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Spring into Primavera

Eataly Magazine (March 19, 2019)
Spring is here, which means birds chirping, longer days, and — our favorite — colorful new vegetables. Learn how to bring the bounty to your table with our spring produce guide!

After a long winter, there is something almost magical about the revival of our favorite fresh ingredients.

This week, chefs have been waking up even earlier than usual to be the first to find the newest arrivals at the farmers' markets, from wild artichokes to the much-anticipated ramps (fingers crossed: any day now!).

Explore a selection of new spring produce below.



The thistly artichoke may look intimidating, but the meaty edible flower buds are worth the effort to trim (click here to learn how!).

Native to the sunny Mediterranean, the artichoke is a popular ingredient in Italy – and at Eataly. Our chefs like to prepare the versatile plant in a variety of ways: braised, baked, roasted, toasted – you name it!

In the image below, we grilled a whole artichoke and topped it with Fresno peppers, lemon oil, and fresh mint. We also love artichokes "alla romana," a tender flavorful take on the vegetable.



Touted for its strong texture but delicate taste, the reappearance of the asparagus invokes spring. The herbaceous plant is one of our favorite ingredients, whether served on the side, incorporated in risotto or pasta, or offered as the main event of the meal.

To prepare the delicious dish pictured below, our chefs topped grilled asparagus with a fried egg, Parmigiano Reggiano, and freshly-ground black pepper.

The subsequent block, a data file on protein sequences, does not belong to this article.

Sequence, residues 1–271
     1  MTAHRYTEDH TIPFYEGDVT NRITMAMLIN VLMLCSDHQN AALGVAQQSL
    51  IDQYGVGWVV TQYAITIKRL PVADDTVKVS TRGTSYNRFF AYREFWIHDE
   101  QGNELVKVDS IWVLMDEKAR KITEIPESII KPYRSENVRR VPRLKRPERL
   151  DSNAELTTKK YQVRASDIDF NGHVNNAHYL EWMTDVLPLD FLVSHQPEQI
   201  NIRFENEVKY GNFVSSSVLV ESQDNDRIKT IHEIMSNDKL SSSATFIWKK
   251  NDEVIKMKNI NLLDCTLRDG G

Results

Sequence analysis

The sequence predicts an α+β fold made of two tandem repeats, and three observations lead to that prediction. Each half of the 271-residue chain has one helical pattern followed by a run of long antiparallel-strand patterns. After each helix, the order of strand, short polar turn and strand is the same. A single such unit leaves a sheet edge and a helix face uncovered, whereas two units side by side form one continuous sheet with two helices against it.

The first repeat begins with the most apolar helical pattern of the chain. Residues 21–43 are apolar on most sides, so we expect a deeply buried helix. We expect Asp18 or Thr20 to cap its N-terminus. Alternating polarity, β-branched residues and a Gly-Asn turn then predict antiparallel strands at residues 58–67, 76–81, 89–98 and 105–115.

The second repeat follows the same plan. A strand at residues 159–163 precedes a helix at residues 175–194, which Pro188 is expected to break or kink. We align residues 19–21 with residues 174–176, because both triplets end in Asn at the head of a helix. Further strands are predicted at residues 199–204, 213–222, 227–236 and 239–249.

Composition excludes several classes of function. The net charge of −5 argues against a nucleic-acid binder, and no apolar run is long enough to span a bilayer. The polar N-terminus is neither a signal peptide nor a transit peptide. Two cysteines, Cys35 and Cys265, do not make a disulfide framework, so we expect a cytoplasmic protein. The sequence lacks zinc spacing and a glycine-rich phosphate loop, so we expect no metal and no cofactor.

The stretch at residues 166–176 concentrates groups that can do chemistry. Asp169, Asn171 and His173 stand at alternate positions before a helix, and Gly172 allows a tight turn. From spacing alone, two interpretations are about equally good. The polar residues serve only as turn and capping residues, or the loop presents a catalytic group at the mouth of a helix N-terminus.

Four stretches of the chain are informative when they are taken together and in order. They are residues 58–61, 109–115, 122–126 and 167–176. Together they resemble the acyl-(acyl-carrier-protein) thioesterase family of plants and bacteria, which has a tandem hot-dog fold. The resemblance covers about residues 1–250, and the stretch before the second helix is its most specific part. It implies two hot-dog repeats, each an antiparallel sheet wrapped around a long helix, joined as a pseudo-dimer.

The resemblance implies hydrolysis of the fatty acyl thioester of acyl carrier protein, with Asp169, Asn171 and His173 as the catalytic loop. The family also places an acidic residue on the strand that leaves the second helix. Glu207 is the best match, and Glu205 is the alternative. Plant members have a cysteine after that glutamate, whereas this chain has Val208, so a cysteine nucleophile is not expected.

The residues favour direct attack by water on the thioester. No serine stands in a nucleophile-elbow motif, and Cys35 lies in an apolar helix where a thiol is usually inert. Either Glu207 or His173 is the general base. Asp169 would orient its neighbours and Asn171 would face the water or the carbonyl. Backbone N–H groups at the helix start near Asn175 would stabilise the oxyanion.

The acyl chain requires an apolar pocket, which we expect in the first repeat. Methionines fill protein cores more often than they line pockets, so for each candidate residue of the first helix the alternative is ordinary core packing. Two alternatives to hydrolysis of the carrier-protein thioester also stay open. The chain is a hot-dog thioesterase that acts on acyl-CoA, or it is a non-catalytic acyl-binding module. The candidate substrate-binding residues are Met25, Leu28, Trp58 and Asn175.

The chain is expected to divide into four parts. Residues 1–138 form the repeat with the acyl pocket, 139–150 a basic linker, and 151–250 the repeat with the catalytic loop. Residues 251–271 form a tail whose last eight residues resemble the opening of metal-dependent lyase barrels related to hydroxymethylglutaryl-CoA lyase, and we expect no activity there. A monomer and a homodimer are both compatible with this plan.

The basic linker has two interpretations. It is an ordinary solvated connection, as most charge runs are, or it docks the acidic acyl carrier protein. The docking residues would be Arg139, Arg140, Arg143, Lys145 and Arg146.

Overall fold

The spring pea’s sweet flavor and gentle crunch lends itself to almost any cooking method, from steaming on its own to pureeing it into a delicious filling or refreshing soup.

We love to season any spring pea recipe with fresh mint for an especially light flavor combination.

Paired with a light butter sauce, the delectable ravioli pictured below are filled with spring peas, ricotta cheese, Pecorino Romano, and mint. Each bite invokes a fresh breath of spring (get the recipe!).



Ramps – a wild spring onion – can only be foraged in the early spring, making them a rare commodity.

Since ramp season lasts a few short weeks, we stalk our local farmer’s markets at the start of each season to bring the best of the coveted spring vegetable to our marketplace and your table.

Delicious sautéed on their own, ramps are also excellent served on bruschetta, with pasta, and on a pizza 



As spring grows into full bloom, more and more vegetables will hit the shelves. Keep your eyes peeled for beets, radishes, fava beans, morel mushrooms, and beyond.

There are countless ways to enjoy spring produce: check back for more recipes as the season progresses.

In the meantime, if you went a little crazy at the farmers' market and have an abundance of spring produce on your hands, try pinzimonio, a simple shaved vegetable salad that has been happily crunched since the Renaissance.

Best of all, the dish works for nearly tutte le verdure, or all of the vegetables. Get the no-recipe "recipe."